President Donald Trump said on Monday that China is ready to come back to the negotiating table and the two countries will start talking very seriously.Politicsread more
The escalating trade war between Washington and Beijing dominated discussions at the G-7 gathering in France.Politicsread more
The latest round of tariff announcements in the last few days means that by the end of the year, essentially all Chinese goods exported to the U.S. will be subject to duties.China Economyread more
Futures fell after Trump said the U.S. will raise tariffs on more than $500 billion worth of Chinese imports, increasing trade tensions.Marketsread more
As Washington and Beijing continue to up the ante in their protracted trade fight, the potential of a recession in the U.S. is now "the biggest concern," according to Standard...US Economyread more
Tensions stemming from the U.S.-China trade war escalated sharply over the last few days, with much happening as Asian markets were shut down for the weekend.China Economyread more
Clouding the G-7 gathering, which represents the world's major industrial economies, are the tit-for-tat tariffs between Washington and Beijing.Politicsread more
Neither the U.S. nor China wants to be seen as the party that derailed trade talks, says William Reinsch of Center for Strategic and International Studies.World Economyread more
China said Friday it will be resuming 25% duties on U.S. autos, and a further 5% on auto parts and components.Asia Marketsread more
World leaders, environmental groups and celebrities have publicly decried the vast swaths of forest being destroyed by the fires.World Newsread more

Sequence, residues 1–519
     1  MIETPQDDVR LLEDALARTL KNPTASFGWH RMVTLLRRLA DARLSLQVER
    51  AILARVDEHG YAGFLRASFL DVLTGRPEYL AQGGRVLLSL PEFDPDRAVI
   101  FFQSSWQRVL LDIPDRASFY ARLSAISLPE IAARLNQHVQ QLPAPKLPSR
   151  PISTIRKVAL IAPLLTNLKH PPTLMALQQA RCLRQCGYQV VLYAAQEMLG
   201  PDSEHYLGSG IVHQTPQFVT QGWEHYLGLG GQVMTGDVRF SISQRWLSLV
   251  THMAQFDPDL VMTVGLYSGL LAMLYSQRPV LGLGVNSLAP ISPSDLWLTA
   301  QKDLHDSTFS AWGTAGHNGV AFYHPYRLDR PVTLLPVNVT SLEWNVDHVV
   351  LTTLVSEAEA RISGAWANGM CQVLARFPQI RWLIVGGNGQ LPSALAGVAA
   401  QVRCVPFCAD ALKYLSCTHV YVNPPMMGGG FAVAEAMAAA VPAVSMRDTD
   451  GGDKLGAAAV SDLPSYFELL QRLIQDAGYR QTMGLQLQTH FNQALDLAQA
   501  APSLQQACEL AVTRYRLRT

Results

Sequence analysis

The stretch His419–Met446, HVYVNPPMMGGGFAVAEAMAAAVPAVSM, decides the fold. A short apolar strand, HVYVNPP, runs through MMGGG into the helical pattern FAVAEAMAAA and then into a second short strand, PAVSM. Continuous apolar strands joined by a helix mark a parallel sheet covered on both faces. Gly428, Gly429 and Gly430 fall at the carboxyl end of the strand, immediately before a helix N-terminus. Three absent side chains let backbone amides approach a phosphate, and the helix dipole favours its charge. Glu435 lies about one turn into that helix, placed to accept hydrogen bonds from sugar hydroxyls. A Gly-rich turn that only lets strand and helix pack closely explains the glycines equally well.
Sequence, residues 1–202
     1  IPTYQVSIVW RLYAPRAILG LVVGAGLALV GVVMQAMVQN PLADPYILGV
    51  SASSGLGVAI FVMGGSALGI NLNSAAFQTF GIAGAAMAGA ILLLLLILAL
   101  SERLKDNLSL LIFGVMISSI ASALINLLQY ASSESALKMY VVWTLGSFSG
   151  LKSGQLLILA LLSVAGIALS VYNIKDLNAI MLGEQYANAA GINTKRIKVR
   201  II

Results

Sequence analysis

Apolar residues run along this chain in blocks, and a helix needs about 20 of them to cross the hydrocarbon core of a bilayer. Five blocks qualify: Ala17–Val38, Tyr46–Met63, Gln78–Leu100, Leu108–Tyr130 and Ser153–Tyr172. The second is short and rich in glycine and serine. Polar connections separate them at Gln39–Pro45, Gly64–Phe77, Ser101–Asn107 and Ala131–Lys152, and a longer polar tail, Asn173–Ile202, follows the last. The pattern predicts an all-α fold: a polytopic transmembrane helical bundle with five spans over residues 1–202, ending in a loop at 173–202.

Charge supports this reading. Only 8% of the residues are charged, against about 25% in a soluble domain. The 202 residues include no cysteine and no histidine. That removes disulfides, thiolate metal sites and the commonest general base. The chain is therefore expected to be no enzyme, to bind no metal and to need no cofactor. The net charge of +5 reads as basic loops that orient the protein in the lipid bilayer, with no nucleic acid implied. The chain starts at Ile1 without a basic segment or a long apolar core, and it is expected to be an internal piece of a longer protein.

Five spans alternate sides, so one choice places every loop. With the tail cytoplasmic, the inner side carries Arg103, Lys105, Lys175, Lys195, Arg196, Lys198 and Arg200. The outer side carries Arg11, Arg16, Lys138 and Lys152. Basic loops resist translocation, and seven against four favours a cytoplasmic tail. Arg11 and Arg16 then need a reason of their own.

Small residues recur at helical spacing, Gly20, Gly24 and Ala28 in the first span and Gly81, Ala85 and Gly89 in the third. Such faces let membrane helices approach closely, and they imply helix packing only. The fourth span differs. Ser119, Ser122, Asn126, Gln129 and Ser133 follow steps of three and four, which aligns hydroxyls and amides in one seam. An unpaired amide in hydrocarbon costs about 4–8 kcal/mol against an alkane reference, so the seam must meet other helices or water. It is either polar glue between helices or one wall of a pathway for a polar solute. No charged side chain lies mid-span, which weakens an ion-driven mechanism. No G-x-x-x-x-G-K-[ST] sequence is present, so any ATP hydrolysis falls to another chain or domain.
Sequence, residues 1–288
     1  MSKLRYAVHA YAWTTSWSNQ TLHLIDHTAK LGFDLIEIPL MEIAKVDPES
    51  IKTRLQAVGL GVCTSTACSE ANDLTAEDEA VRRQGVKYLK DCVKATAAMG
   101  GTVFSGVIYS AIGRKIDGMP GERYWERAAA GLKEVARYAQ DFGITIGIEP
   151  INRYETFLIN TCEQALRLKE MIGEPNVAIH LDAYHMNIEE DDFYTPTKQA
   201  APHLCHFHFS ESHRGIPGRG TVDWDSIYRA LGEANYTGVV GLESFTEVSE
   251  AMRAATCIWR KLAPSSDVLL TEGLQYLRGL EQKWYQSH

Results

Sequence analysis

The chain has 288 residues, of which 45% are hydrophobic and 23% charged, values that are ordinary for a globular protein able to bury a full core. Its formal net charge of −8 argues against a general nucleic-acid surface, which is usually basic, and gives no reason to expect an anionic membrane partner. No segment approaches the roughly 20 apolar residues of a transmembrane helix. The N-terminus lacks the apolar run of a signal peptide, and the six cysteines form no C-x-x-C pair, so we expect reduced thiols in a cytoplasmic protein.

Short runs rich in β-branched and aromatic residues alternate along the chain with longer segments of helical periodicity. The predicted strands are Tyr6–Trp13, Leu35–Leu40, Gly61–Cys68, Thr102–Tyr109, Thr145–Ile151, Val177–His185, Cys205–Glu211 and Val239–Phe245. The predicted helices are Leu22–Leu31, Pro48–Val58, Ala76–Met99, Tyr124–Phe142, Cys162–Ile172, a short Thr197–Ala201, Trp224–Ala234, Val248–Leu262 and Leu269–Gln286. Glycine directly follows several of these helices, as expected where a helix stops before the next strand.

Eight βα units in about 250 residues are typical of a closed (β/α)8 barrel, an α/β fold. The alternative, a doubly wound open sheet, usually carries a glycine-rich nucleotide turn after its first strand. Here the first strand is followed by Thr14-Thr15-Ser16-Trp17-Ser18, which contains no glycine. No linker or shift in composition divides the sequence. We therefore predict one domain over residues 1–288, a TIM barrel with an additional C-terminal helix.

Education Minister Ong Ye Kung says the Singapore government has been preparing for the challenge of an aging workforce "for the past 20 years."Employmentread more
BP reported first-quarter profit largely in line with expectations on Tuesday, citing tough market conditions at the start of the year.
The British oil giant posted first-quarter underlying replacement cost profit, used as a proxy for net profit, of $2.4 billion, versus $2.3 billion expected in a Reuters poll. That compared with a profit of $2.6 billion a year earlier and $3.5 billion in the final three months of 2018.
It marks the first significant setback in BP's steady recovery over the past 18 months.
"It was a pretty resilient set of results actually given the environment we came into at the start of the year," Brian Gilvary, chief financial officer at BP, told CNBC's "Squawk Box Europe" on Tuesday.
Gilvary said the three-month period through to March had been particularly "tough" because of adverse weather conditions, assets being put out of action and lower oil prices in January.
"I think oil prices look pretty firm given where we are today but we are going to continue to maintain capital discipline," he added.
Shares of BP rose almost 1% during morning deals.
Profits from refining and retail operations, known as downstream, tumbled by around 20% amid weaker margins and narrower discounts of heavy crude oil.
But, the London-based firm said this was partially offset by stronger results from its oil and gas trading operations.
The results coincided with a significant recovery in oil prices through the first three months of the year. International benchmark Brent crude and U.S. West Texas Intermediate (WTI) have risen by approximately 33% and 40% year-to-date.
The value of a barrel of Brent crude stood at $71.82 Tuesday morning, while WTI traded at $63.43.